Relevant in this context is that, where people are involved in a preventive body search or a traffic control, there is no question of a suspect situation on the basis of which a control is being carried out. Where there is a suspicious situation, then there is also a suspected criminal offence. Here this is not the case, which is why it is there is no justification for making use of knowledge and statistics on crime to carry out selective control. But when can one speak of the suspicion of a criminal offence? How well does a predictive model for this purpose have to perform? Can a gut feeling be used or mathematical statistics permitted at all in respect of age, race, origin or colour of skin? Is the threshold value for suspicion, the 75% chance of being the perpetrator of a crime, always sufficient as a criterion? From the perspective of society, hidden here is the risk of false positives that our society has such difficulty in accepting. Overrepresentation can lead to stigmatisation and this entails the risk of discriminating against minorities. For instance, it seems that people of different ethnic origins receive different punishments for the same crime (Weenink, 2007). The police could or should take this into account as soon as a situation is declared suspicious. Another pertinent recommendation is that profiling should take place based mainly on behavioural aspects instead of on personal characteristics when investigating a suspect situation (Cankaya, 2012). What do we, as citizens, think about the fact that more systematic surveillance takes place in one district than in another? Do we regard this as acceptable? In this context, Bovenkerk


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(2009) rightly pointed out the risk of what he calls the contrary effect: getting entire population groups against you. Distinguishing characteristics that are based on knowledge or data should be tested objectively by making use of, e.g., random sampling. A risk inherent in determining characteristics from knowledge is that generalisations are made based on stigmatising and stereotyping, whereby some incidents are quickly converted into patterns that do not agree with reality. In the same way that one might arrive at a certain ‘bias’ due to one or two bad experiences. For example, during a trip to South Africa, I once had a negative experience in Durban, in which I almost got robbed. Ever since I dislike Durban, probably totally unrealistically, but that one incident suddenly made the entire city unattractive to me. Police data do not necessarily provide an objective reflection of society or of crime. For example, because the police focus more on high-impact crime instead of on fraud or other forms of white-collar crime, it is only logical that more data are available in police systems on certain forms of crime. This makes comparing distinguishing characteristics for specific forms of crime less simple and corrections have to be carried out for such ‘biased sampling’.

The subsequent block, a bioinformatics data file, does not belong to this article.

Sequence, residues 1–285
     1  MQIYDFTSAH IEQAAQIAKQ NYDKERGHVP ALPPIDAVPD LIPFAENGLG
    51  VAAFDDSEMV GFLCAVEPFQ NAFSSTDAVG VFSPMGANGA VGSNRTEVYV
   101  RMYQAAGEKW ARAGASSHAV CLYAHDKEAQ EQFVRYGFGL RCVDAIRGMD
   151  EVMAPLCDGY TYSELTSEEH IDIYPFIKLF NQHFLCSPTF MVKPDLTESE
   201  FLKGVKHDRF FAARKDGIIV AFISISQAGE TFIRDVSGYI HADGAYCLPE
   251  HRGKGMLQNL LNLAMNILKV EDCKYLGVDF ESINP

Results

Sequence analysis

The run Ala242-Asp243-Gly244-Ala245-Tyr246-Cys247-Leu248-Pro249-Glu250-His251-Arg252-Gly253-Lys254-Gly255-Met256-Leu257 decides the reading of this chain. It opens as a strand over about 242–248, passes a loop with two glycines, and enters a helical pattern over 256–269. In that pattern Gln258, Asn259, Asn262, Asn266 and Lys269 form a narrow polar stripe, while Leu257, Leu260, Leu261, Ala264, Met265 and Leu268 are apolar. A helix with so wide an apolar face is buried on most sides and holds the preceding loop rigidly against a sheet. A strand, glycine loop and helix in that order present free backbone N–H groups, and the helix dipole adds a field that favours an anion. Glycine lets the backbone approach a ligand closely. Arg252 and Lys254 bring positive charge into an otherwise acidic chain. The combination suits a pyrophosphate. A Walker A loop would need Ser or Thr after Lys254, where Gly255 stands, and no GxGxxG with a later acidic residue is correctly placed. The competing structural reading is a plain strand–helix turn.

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Craving for optimisation and collectivity The last topic I want to deal with here is the question of how far should we be willing to go in optimising how the police work? Often it is no surprise that everything can be done more effectively and more efficiently or that new technology becomes available. Something quite remarkable, as I see it, is that this chance of optimisation is often immediately grasped as a means of realising economies. Economies in order to save money because people think that the same work can be done with less manpower. As a result, a large proportion of the expected added value is immediately wasted. This is because it undoes the extra villains who could have been caught or the extra resources that could have remained for spending on other things such as training, maintenance and innovation. A missed opportunity. In my opinion, this is the extra space that results in creativity that could speed up developments. The university that I attended has introduced a new educational model because of ‘performance thinking’ based on economisation31. It seems that the graduation percentage has become more important than the academic education itself. Attendance at lectures is obligatory and the free choice of extracurricular activities and self-actualisation has been displaced by this desire to optimise. As I see it, it is arguable whether this will actually result in better students. I see the same thing currently happening within the police force. Forming the National Police optimised and emaciated it into an implementing organisation that is no longer capable of self-reflection or adaptability. This influences the rate at which it can master new ideas, such as predictive policing, and benefit from them. The need of flexibility and adaptability is a continuous one. If only in order to keep up with developments in the outside world. The police is not a production plan suitable for standardisation. A form of optimisation that I feel could be more useful is the opportunity principle32, as it is called in the Netherlands. This principle allows the Public Prosecution Service to waive prosecution on the grounds of the ‘general interest’. This means, for example, that there is always leeway to decide what will and will not be taken up as criminal cases. This means a 31 http://www.utwente.nl/onderwijs/bachelor/studeren-in-enschede/twents-onderwijsmodel/ 32 Articles 167 and 242 of the Code of Criminal Procedure